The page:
By Joseph C. Szabo
UTU Illinois State Director
Railroad crew members in Illinois who suspect mechanical or driver problems with the vans that shuttle them between layover points and their trains now have a standard procedure for obtaining a remedy. Effective January 1, 2002, all vehicles contracted for hire to shuttle crews are required to be inspected at a state-licensed motor vehicle facility every six months. Vehicles that pass inspection are awarded a sticker that must be posted on the front windshield just ahead of the steering column.
In addition, van drivers are now subject to hours of service regulations. Drivers are restricted to 12 hours of actual driving time per day and limited to a total of 15 hours total on duty time. Any driver meeting these thresholds must have a minimum of 8 consecutive hours off duty before returning to work.
You play the most critical role in the enforcement of these regulations. As the only eyes and ears in the field, it is important any potential violations be put in writing to the office of your union's legislative director. Copies of the complaint to the railroad or to the union's safety committee are also highly recommended to put the carrier on formal notice of the existence of an unsafe condition. If in doubt – simply write it up to your union!!
For example, UTU members can go to the UTU Illinois web page at www.illini.utu.org and click on "Safety Complaints." On the menu, click on "Crew Van Complaint Form" and fill in all the pertinent information. Please be thorough and specific, as incomplete or general complaints can be difficult to process.
The key is to document what you have witnessed. Jot down the license number of the vehicle, the state that issued the plate and date you witnessed the alleged violation. Note the carrier name and the vehicle number, if possible, and describe the violation you witnessed. Also indicate where the trip began and ends. It could be any mechanical defect that affects the safety of operation, poor vehicle maintenance, or the failure to properly display the safety sticker. It can be an unsafe driving violation – possibly due to driver fatigue.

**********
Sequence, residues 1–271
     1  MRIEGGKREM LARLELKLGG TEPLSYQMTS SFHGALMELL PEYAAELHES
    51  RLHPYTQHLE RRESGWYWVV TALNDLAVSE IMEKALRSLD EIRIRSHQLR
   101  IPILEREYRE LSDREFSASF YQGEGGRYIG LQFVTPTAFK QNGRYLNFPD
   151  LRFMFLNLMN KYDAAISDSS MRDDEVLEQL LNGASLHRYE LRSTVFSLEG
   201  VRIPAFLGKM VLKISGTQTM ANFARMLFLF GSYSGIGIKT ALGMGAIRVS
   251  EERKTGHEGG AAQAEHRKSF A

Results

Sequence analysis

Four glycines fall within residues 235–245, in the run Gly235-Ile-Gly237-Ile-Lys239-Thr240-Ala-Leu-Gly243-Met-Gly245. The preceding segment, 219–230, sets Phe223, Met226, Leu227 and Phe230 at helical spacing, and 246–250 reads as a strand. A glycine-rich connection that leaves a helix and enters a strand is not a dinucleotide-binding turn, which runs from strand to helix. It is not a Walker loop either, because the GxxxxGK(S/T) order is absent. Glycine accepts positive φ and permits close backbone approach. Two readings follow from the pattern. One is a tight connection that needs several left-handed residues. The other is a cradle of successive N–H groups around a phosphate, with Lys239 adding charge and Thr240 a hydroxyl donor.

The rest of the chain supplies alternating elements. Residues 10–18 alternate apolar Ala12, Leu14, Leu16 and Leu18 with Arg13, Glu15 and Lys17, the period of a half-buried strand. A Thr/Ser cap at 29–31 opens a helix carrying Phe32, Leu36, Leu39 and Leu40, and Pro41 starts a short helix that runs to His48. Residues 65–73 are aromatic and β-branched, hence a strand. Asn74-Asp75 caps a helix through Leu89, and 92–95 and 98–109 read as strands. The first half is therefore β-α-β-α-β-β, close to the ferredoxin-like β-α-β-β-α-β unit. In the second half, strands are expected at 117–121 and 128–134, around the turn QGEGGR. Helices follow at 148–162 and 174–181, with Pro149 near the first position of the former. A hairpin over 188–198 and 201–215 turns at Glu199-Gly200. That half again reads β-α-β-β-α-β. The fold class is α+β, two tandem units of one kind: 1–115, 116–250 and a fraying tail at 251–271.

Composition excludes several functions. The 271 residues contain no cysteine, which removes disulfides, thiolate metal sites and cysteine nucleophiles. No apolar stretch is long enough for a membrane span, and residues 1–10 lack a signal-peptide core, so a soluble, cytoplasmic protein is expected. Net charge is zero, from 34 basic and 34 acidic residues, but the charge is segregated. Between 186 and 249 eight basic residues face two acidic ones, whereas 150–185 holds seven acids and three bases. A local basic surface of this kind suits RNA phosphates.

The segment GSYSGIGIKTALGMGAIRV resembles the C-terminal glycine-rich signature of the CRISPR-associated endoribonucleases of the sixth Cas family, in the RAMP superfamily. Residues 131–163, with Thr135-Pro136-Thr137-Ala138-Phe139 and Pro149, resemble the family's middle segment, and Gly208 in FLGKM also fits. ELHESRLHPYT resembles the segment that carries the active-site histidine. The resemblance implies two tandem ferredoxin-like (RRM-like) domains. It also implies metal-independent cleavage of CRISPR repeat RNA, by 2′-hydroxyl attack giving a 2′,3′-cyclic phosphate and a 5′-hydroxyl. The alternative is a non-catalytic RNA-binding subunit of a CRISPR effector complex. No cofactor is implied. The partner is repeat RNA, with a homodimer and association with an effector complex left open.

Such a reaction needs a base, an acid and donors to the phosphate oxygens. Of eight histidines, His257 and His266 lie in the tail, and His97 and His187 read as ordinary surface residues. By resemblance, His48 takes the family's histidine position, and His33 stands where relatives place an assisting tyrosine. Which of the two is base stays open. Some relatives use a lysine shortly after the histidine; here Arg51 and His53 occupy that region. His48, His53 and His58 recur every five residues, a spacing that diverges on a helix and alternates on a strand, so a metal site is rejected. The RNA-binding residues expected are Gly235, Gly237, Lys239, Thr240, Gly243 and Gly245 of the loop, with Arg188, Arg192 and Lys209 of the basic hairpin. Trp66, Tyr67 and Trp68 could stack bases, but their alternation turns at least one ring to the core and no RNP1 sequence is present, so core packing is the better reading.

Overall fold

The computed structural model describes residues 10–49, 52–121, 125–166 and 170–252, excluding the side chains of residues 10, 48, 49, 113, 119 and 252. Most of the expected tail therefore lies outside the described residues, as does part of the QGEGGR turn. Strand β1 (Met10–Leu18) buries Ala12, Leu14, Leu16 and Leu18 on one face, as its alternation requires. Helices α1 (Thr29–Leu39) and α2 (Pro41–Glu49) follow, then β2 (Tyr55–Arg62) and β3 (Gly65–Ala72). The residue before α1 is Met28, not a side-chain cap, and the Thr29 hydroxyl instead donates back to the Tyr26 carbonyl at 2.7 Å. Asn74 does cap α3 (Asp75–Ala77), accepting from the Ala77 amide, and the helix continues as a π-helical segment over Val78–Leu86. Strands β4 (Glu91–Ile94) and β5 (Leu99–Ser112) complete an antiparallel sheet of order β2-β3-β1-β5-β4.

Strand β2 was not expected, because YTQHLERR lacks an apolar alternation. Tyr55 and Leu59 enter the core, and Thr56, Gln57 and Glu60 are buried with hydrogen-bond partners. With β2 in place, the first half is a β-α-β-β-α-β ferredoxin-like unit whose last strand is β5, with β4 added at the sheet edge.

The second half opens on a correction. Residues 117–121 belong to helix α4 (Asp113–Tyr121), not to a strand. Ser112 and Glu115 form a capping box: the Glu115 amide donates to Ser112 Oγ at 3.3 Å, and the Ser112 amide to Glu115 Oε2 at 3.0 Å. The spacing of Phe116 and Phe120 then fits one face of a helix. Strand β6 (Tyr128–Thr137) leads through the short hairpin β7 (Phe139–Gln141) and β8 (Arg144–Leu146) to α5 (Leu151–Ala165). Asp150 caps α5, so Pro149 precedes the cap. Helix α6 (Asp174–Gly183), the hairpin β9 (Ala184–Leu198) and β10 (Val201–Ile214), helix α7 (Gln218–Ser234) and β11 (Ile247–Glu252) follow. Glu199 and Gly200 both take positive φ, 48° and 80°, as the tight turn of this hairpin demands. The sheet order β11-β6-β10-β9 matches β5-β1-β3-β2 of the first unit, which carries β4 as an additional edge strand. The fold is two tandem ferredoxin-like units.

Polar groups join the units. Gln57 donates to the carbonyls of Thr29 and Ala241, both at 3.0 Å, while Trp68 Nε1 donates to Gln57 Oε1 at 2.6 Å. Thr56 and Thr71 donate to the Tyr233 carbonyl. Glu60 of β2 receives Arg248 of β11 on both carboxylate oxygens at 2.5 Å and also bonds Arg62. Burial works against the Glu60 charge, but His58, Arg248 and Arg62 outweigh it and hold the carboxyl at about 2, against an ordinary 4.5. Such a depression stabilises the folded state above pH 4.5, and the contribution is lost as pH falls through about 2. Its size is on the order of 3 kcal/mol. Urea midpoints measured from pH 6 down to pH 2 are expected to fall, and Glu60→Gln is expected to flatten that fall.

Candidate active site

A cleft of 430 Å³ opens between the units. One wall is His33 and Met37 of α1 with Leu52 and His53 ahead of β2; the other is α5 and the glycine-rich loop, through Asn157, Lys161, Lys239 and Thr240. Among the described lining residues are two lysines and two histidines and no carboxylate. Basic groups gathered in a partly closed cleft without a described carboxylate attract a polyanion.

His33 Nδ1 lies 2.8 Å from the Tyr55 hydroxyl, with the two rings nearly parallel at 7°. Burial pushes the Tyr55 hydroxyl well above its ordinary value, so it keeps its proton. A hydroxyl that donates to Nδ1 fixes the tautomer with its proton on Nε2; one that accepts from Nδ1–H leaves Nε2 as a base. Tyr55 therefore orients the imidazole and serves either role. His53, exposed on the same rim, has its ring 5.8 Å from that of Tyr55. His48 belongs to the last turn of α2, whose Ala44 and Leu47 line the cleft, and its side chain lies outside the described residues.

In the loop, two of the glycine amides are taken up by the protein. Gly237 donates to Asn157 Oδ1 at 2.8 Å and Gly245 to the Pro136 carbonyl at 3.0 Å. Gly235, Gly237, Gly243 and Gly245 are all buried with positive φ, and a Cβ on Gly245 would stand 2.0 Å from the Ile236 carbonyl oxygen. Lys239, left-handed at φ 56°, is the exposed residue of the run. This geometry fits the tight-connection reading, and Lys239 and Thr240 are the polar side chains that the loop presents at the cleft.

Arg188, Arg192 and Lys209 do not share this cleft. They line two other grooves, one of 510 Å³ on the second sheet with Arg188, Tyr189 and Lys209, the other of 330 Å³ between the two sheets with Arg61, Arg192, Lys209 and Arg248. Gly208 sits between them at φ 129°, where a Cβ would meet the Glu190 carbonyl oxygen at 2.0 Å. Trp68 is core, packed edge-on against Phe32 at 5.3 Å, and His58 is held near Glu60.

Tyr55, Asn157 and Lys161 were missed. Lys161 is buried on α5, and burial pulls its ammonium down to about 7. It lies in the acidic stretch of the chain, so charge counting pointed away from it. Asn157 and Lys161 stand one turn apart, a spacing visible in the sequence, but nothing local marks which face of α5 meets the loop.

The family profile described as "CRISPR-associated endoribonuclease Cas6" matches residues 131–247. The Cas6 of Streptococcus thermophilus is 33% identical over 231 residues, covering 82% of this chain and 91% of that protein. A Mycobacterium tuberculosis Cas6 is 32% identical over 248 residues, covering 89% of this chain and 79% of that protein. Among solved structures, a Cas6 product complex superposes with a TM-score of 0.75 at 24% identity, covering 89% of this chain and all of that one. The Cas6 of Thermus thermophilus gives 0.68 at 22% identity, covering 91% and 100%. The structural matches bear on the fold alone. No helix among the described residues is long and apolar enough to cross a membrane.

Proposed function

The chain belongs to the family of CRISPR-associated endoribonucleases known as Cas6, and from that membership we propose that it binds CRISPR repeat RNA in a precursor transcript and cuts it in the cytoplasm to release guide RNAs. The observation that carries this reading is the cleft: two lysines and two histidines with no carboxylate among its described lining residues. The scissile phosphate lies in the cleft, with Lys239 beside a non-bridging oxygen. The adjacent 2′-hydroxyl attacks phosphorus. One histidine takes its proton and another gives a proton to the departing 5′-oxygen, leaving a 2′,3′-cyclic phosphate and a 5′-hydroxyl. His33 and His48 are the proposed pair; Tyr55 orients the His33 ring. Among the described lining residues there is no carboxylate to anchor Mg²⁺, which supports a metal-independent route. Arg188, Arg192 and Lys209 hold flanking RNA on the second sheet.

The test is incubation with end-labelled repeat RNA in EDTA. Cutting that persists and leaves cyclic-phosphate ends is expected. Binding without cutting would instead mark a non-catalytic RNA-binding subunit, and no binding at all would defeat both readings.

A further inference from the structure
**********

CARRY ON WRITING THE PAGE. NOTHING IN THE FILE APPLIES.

There is no need to enter into debate or discussion with the van driver, company management or railroad management, nor will drivers be required to show you an on duty time log. If you simply suspect the driver has worked excessive hours, write it up and send it to your legislative representative! Based on the complaint you file, your union's legislative department will initiate a formal complaint with the Illinois Department of Transportation and State Police.
There have been concerns regarding the potential "Federal Preemption" of Illinois law and its application to vans licensed by firms outside Illinois, such as Renzenberger. With Federal Preemption, parts of the Illinois law may or may not apply. For example, those vans licensed outside Illinois will not be required to undergo the six-month Illinois safety inspection, nor will they be required to display the Illinois safety sticker. However, they still must be mechanically safe. It is even more important that any safety concerns on these out-of-state vans be documented and written up, while indicating if the trip began and ended all within Illinois.
Simply stated, the law will only work for you as well as you allow it to. You, and the writing up of any potential violation, are the keys to making the law work. The Illinois State Police, the Secretary of State's office, and the Department of Transportation have all pledged their support for ensuring that both the letter and the spirit of the law are enforced. But they need the information as processed through your union’s legislative office.
You are the only one who can let your union representatives know what is really happening out there. If in doubt, write it up, write it up, write it up!!!!